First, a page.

Do you have joint pain and stiffness? Do you experience an increase in pain after prolonged sitting or upon rising in the morning? Or are you frequently taking ibuprofen, naproxen, or aspirin to alleviate pain? If you answered "yes" to any of these questions, you may be suffering from too much inflammation!
There are two types of inflammation that occur in our bodies: acute and chronic. Acute Inflammation is critical to our bodies' healing process and is a natural and productive response to tissue damage. Chronic Inflammation, on the other hand, is ongoing and occurs with persistent injury or infection or is associated to diseases such as arthritis, obesity, and diabetes. And, unfortunately, chronic inflammation usually leads to tissue damage. The good news, however, is chronic inflammation can often be controlled with diet and does not come with the side effects that frequently occur with medication!
When it comes to tissue healing, what you eat can greatly impact the healing process. Foods high in sugar and saturated fats cause an over stimulated immune system which can produce joint pain, fatigue and tissue damage. Diets high in processed food do not supply your body with suitable nutrients to recovery as well as it could. The top 9 inflammatory foods that you’ll want to avoid at all costs are:
Excessive sugar consumption leads to increased risk of obesity, metabolic syndrome, acne, and type 2 diabetes.
2. Common Cooking Oils
Many cooking oils contain extremely high levels of pro-inflammatory omega-6 fatty acids and abysmally low levels of anti-inflammatory omega-3s.
3. Trans Fats
There’s nothing good about trans fats. Trans fatty acids are known to substantially increase bad cholesterol while simultaneously lowering good cholesterol. In addition to promoting inflammation, trans fats encourage obesity, insulin resistance and many other degenerative illnesses.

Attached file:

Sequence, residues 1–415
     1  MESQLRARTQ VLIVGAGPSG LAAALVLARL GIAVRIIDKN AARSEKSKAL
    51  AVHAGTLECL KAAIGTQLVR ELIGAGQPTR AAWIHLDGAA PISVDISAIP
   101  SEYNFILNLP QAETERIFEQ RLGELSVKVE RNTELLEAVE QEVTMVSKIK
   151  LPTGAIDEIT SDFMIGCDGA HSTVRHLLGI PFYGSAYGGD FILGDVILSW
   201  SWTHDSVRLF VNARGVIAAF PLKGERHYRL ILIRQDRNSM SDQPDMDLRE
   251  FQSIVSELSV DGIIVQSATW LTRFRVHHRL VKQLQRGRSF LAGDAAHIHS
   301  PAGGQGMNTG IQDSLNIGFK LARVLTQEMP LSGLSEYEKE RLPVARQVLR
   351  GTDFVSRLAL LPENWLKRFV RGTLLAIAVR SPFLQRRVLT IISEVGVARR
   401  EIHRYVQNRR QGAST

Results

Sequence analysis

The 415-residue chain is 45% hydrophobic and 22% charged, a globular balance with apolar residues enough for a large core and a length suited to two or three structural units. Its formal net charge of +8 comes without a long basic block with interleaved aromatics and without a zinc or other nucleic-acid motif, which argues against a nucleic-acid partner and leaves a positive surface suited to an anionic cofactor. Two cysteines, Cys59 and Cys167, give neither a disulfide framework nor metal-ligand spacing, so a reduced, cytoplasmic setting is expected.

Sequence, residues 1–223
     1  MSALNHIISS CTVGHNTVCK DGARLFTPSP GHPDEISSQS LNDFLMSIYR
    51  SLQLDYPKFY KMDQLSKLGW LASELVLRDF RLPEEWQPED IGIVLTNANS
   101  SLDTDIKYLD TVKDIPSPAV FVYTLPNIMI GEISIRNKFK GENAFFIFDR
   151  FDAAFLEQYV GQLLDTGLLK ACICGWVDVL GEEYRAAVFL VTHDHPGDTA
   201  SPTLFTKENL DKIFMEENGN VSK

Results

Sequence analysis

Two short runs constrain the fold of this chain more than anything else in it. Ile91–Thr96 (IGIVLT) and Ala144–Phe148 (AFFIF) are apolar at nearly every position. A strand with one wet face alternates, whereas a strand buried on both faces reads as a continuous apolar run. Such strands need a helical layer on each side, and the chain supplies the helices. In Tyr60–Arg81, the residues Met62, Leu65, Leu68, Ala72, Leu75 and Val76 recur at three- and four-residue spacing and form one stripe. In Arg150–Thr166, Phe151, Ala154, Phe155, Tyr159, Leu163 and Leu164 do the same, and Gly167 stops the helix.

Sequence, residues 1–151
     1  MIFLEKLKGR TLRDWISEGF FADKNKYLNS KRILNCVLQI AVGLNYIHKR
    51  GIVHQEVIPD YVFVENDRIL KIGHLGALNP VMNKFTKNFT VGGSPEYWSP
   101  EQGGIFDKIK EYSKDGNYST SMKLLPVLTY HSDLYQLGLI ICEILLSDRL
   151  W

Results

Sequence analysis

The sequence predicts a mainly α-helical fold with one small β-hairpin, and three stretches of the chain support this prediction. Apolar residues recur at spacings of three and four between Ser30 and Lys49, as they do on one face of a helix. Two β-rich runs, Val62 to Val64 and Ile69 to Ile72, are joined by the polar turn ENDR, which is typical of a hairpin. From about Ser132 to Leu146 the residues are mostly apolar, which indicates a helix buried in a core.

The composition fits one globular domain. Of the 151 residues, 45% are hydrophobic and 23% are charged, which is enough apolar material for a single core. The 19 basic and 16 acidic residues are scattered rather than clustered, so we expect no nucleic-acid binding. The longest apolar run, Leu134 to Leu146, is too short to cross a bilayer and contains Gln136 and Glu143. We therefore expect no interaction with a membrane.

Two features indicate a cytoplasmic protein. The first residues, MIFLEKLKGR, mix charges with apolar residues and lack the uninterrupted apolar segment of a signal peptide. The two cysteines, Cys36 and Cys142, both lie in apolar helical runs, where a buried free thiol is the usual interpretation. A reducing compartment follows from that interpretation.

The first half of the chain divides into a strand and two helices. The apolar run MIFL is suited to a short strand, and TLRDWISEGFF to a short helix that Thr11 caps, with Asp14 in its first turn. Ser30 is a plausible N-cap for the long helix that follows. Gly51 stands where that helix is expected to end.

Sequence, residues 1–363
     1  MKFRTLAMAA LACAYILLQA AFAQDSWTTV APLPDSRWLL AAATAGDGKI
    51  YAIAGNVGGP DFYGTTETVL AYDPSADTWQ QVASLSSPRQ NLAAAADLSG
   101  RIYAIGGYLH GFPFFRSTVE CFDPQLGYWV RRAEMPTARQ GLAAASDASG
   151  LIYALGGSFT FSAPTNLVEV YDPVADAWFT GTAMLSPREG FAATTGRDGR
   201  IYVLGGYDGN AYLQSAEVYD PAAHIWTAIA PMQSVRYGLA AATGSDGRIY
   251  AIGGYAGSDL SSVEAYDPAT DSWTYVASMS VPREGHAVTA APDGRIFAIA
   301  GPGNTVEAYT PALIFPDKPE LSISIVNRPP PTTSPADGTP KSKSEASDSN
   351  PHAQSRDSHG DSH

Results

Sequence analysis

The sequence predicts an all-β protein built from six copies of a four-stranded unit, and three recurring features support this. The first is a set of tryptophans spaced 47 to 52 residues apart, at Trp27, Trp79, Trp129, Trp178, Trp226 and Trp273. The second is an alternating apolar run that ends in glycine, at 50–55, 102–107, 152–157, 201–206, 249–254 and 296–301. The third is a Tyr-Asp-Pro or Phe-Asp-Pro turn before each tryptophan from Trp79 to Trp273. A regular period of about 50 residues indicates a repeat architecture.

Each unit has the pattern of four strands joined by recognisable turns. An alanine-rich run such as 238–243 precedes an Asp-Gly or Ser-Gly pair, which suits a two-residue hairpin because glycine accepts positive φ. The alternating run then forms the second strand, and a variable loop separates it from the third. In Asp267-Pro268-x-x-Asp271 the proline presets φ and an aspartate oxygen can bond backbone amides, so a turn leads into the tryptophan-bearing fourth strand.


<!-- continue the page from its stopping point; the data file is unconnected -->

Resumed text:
4. Dairy Products
As much as 60 percent of the world’s population cannot digest milk. Dairy products can cause gastrointestinal distress with constipation or diarrhea, skin rashes, acne, hives, and even breathing difficulties.
5. Feedlot-Raised Meat
Many commercially-raised animals are subjected to very poor living conditions. These animals are also fed a diet that is high in inflammatory omega-6 fatty acids and low in anti-inflammatory omega-3s.
6. Red and Processed Meats
Experts suggest that ingesting red meat causes humans to develop anti-Neu5Gc antibodies, a harmful immune response.
Regular high consumption of alcohol can lead to a plethora of issues, including irritation and inflammation of the esophagus, larynx, and liver.
8. Refined Grains
Refined grains have a dramatically increased glycemic index and can encourage the progression of degenerative diseases.
9. Artificial Food Additives
Artificial food additives such as aspartame and monosodium glutamate (MSG) have been reported to trigger and worsen inflammatory processes in the body.
Conversely, eating an anti-inflammatory, well-rounded diet of appropriate carbohydrates, protein, fats, vitamins and minerals along with adequate water intake can reducing inflammation and allow your body to heal properly. While there are no magic foods, making minor additions and subtractions from your diet can go a long way in combating these chronic conditions and get you on track to feeling better. A few tips for beginning an anti-inflammatory diet are:
The following foods are also recommended, because they possess anti-inflammatory components like omega-3, calcium, fiber, vitamin E, iron, lycopene, betalains, allicin, and anthocyanins:
In a nutshell, anti-inflammatory foods are those that any nutrition expert would encourage you to eat - in general, foods that include lots of fruits and vegetables, whole grains, plant-based proteins (like beans and nuts), fatty fish, and fresh herbs and spices. An anti-inflammatory diet is widely regarded as healthy, so even if it doesn't help with your condition, it can help lower your chances of having other problems. Don’t let your diet stack the odds against your health! Do your best to keep inflammation in check by choosing a wide variety of delicious, antioxidant-rich foods and get back on track to feeling better.